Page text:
You will recall that the first part of this tale concluded with Mrs Spillman sobbing into Randall’s neck and calling him her son. To say he was taken aback is an understatement. Randall had always understood that his mother had died in childbirth. To find, after fifty-five years, that she had been alive and well and living in somewhere called Baltimore was a surprise, to say the very least. The torrent of emotions that stormed through him at that moment was overwhelming. Feelings of joy and anger, love and betrayal, all mixed up with a generous helping of confusion, almost bowled him over; that, and the not insubstantial weight of the elderly lady clinging to his neck.

The elected governor of the tribe – or the  sakom, as he is known – had been entertaining Mrs Spillman in his family home for a few days prior to Joseph’s  arrival. After the necessary introductions had been made the sakom made it his business to linger and eavesdrop on their conversation. Upon seeing Mrs Spillman’s reaction to meeting Randall the sakom diplomatically ushered the three of them back into the privacy of his home, where, over coffee and biscuits, Mrs Spillman apprised her son of the details of her history and the reason why she had left him on the steps of a convent. How he had arrived on the island of Hopeless, though, was a total mystery to all. Randall had never been told the story of his rescue by Sebastian Lypiatt and the nun, Sister Mary Selsley.

 

A lifetime of being the Night Soil Man on Hopeless had made Randall something of a stoic, although this was not a word he would ever have used or even recognised. To adopt an attitude of accepting, without complaint, the ups and downs of daily existence is a necessary way of thinking on an island where unpredictability is the only predictable thing that the future holds. There was no point in regretting the lost years or blaming his mother for abandoning him. It would achieve nothing. Besides, she had had her reasons.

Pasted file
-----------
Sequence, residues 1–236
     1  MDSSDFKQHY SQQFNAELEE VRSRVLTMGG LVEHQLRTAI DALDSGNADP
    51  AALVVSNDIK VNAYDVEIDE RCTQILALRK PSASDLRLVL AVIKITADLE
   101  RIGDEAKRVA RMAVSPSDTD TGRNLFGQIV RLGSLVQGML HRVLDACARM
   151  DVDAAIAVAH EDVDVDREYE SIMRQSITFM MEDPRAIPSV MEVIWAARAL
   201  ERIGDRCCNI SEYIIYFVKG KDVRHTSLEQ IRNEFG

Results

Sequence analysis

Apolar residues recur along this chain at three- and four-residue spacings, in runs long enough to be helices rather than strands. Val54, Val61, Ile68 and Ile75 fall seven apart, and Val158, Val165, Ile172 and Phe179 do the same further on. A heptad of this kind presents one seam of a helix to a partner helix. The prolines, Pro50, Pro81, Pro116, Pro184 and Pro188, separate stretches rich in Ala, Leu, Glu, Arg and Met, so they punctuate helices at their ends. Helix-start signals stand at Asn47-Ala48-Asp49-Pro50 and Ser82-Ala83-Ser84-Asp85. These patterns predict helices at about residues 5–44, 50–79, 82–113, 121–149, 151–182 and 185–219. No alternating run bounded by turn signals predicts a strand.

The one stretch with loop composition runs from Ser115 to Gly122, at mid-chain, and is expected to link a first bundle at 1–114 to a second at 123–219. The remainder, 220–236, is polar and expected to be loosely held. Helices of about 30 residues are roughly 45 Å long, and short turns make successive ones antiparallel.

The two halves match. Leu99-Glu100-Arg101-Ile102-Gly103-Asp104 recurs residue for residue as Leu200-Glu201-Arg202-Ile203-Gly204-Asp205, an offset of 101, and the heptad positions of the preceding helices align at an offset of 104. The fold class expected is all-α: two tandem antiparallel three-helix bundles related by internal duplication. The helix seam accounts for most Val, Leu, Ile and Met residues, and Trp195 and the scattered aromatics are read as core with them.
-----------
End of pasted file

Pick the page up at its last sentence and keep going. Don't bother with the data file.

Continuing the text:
There was one other thing. Mrs Spillman had sold almost everything she possessed when she left Baltimore. Her worldly goods, including a large town house, had been converted into cash and lodged in a bank account.

“It’s all yours,” she told Randall. “I had no idea what would happen to my estate when I die. Now I know.” With that she reached into her travel-chest and retrieved a canvas bag. It was full of silver dollars.

“This will tide you over until suitable arrangements have been made,” she said.

Randall was aghast. He had little use for a lot of money. Hopeless was not the type of place where you could spend very much. He looked at Joseph for help.

“Take it and make her happy,” Joseph advised.

Randall looked about him at the spectre of poverty that stalked the reservation. Even Hopeless looked comfortable, compared with the poor living conditions many endured there. This place needed a helping hand. He knew what to do with at least some of his new-found wealth.

 

A few days passed and Joseph enlisted the help of his cousin, Samuel. Although refusing to set foot on Hopeless himself, Samuel reluctantly agreed to ferry Randall and Mrs Spillman across the treacherous channel to that strangest of islands. Joseph’s own canoe was full to bursting with furs, textiles and beaver pelts, purchased at a vastly inflated price by the suddenly wealthy Randall Middlestreet.

 

Although Randall was willing to pay Isaac Lypiatt, the landlord of The Squid and Teapot, to give his mother comfortable lodgings, Isaac refused, having inherited his parents’ generosity. He happily gave Mrs Spillman a room in which she could live out her remaining days in comfort. The Squid had been her home once and it was only fitting that it should be so again. It was the very least he could do.The Lady from Baltimore had come home to die.

The artist (Tom Brown, in this case) apologizes that there is not a new drawing this week. He is very much engaged with the final bits which will ensure that the next volume of the graphic novel series (Sinners) comes out on time and is as wonderful as we can manage.